Interview with Sam Thompson

Author of Communion Town discusses favourite reads from sad Shakespeare endings to bizarre, inimitable tales

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Interview with Sam Thompson

Sam Thompson has a go at this issue’s debut author Q&A. His first book is a meditation on a place through very different eyes.

Give us five words to describe Communion Town?

Many stories, one strange city.

Name one author who should be more famous than they are now?

Robert Aickman. He’s sometimes described as a writer of ghost stories, but his work is uncategorisable: ambiguous, surreal, stylishly creepy and permanently disturbing.

What was the first book you read?

I can’t remember, but Where The Wild Things Are was one of the first to make a big impression, in the same way that A Wizard of Earthsea and Lord of the Flies did later on.

What was the last book you read?

The Street of Crocodiles by Bruno Schulz, a Polish art teacher who was murdered by a Gestapo officer in 1942. He wrote bizarre, inimitable tales which transform his family life into a crazy private mythology.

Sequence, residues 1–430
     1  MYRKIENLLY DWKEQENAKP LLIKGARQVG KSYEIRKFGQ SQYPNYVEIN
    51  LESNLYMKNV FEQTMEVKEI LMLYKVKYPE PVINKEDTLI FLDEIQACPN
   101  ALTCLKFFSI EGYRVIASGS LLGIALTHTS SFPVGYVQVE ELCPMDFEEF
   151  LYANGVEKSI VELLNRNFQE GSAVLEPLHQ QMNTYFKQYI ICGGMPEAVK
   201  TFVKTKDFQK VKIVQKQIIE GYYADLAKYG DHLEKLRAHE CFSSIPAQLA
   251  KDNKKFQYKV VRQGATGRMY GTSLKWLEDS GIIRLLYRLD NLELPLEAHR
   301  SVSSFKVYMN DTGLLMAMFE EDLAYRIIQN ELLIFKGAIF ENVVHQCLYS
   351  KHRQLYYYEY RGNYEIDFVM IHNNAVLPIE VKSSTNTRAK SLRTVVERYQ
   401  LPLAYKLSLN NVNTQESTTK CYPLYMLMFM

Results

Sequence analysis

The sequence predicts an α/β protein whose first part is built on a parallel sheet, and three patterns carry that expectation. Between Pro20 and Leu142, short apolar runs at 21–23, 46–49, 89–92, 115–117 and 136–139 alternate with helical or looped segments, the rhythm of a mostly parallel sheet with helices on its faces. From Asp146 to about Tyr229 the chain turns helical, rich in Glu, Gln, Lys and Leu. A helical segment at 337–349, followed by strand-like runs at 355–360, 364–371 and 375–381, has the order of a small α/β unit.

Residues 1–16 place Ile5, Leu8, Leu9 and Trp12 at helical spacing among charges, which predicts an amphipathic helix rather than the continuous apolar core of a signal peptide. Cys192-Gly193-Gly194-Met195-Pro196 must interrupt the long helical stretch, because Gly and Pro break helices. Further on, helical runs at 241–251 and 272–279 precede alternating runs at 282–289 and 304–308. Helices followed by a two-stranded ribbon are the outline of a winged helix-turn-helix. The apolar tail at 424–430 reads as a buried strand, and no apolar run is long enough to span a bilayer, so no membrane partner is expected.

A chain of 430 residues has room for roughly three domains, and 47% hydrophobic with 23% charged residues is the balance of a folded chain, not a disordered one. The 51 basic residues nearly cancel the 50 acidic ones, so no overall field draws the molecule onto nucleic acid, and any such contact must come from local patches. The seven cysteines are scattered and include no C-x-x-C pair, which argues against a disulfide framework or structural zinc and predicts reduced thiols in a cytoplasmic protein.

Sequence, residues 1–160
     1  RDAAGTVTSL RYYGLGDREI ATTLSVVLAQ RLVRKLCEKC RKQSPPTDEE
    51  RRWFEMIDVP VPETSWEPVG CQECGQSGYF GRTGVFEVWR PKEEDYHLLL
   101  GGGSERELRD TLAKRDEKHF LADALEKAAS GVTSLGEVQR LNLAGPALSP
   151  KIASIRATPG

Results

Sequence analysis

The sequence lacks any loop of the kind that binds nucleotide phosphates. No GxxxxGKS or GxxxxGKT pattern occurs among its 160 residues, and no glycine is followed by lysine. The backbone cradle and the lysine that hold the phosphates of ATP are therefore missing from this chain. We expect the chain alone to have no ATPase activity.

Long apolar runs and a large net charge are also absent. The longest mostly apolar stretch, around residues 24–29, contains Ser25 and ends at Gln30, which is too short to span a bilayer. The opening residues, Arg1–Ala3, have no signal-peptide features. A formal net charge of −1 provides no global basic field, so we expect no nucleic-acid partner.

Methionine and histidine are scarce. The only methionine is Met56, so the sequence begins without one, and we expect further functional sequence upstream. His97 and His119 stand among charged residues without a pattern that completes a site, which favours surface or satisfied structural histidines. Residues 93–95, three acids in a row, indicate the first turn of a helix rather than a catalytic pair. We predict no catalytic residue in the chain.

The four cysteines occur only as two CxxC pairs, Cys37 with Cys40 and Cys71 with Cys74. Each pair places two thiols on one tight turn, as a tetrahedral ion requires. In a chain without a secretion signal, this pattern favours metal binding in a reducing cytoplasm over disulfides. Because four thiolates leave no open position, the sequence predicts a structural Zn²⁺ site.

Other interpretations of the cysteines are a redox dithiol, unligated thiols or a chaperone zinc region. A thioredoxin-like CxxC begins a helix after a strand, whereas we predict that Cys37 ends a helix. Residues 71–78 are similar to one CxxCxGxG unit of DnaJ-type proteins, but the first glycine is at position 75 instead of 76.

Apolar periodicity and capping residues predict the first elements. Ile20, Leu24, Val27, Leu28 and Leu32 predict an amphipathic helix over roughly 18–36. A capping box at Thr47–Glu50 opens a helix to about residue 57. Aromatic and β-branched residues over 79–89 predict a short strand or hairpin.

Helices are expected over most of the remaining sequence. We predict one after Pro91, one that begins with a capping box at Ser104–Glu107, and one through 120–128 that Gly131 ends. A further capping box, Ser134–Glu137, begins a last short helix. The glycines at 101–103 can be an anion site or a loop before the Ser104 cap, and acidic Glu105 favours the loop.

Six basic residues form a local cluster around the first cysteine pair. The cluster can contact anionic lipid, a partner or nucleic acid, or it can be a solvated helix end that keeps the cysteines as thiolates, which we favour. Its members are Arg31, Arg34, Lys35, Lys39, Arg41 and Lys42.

Which book makes you cry?

The ending of The Winter’s Tale really gets to me. For a moment Shakespeare makes you feel that you could recover everything you’ve lost and undo every bad decision you ever made. And then he takes it away again.

Which book makes you laugh?

Anything by Flann O’Brien, because nobody does bitter sarcasm and eloquent rage like he does. Also the Molesworth books, for reasons that any fule kno.

Which dead author do you wish was still alive today?

David Foster Wallace. We needed him, and we’ll never know what we lost when he died.

What plans do you have for book number two?

I’m working on another novel, and my plan is not to talk about it until it’s finished. You have to be a bit furtive.

Communion Town is published by Fourth Estate on Thu 5 Jul.

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